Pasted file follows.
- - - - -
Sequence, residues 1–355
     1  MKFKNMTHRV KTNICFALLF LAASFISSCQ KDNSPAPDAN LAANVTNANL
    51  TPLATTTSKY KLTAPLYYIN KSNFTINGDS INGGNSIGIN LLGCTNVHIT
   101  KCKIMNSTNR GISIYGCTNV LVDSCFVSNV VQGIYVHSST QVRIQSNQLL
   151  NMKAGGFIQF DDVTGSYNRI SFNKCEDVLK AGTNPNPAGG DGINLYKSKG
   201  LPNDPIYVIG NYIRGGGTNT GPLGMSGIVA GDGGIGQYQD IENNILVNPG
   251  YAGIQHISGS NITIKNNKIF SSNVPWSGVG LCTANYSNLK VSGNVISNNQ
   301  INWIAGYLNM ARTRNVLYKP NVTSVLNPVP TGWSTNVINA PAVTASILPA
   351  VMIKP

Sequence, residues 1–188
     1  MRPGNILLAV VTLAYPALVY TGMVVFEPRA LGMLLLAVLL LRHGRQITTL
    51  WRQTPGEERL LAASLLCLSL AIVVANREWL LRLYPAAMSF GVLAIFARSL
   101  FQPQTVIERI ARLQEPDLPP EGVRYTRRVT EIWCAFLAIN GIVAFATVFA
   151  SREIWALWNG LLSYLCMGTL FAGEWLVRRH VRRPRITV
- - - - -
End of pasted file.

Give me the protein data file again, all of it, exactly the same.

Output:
Sequence, residues 1–355
     1  MKFKNMTHRV KTNICFALLF LAASFISSCQ KDNSPAPDAN LAANVTNANL
    51  TPLATTTSKY KLTAPLYYIN KSNFTINGDS INGGNSIGIN LLGCTNVHIT
   101  KCKIMNSTNR GISIYGCTNV LVDSCFVSNV VQGIYVHSST QVRIQSNQLL
   151  NMKAGGFIQF DDVTGSYNRI SFNKCEDVLK AGTNPNPAGG DGINLYKSKG
   201  LPNDPIYVIG NYIRGGGTNT GPLGMSGIVA GDGGIGQYQD IENNILVNPG
   251  YAGIQHISGS NITIKNNKIF SSNVPWSGVG LCTANYSNLK VSGNVISNNQ
   301  INWIAGYLNM ARTRNVLYKP NVTSVLNPVP TGWSTNVINA PAVTASILPA
   351  VMIKP

Sequence, residues 1–188
     1  MRPGNILLAV VTLAYPALVY TGMVVFEPRA LGMLLLAVLL LRHGRQITTL
    51  WRQTPGEERL LAASLLCLSL AIVVANREWL LRLYPAAMSF GVLAIFARSL
   101  FQPQTVIERI ARLQEPDLPP EGVRYTRRVT EIWCAFLAIN GIVAFATVFA
   151  SREIWALWNG LLSYLCMGTL FAGEWLVRRH VRRPRITV